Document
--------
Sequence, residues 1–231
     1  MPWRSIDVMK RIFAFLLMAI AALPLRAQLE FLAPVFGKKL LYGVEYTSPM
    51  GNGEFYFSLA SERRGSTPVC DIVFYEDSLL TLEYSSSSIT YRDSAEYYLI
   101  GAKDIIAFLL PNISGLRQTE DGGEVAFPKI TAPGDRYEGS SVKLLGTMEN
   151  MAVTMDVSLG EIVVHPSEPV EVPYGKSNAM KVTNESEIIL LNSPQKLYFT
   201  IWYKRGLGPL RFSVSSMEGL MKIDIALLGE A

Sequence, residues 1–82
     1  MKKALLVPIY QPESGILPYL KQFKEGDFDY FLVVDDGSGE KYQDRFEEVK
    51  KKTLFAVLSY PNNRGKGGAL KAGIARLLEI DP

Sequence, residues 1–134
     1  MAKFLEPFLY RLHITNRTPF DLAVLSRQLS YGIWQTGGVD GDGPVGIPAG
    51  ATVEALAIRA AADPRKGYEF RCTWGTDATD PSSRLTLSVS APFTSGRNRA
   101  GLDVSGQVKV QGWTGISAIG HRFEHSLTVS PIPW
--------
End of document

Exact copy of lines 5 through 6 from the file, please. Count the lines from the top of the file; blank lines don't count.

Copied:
   151  MAVTMDVSLG EIVVHPSEPV EVPYGKSNAM KVTNESEIIL LNSPQKLYFT
   201  IWYKRGLGPL RFSVSSMEGL MKIDIALLGE A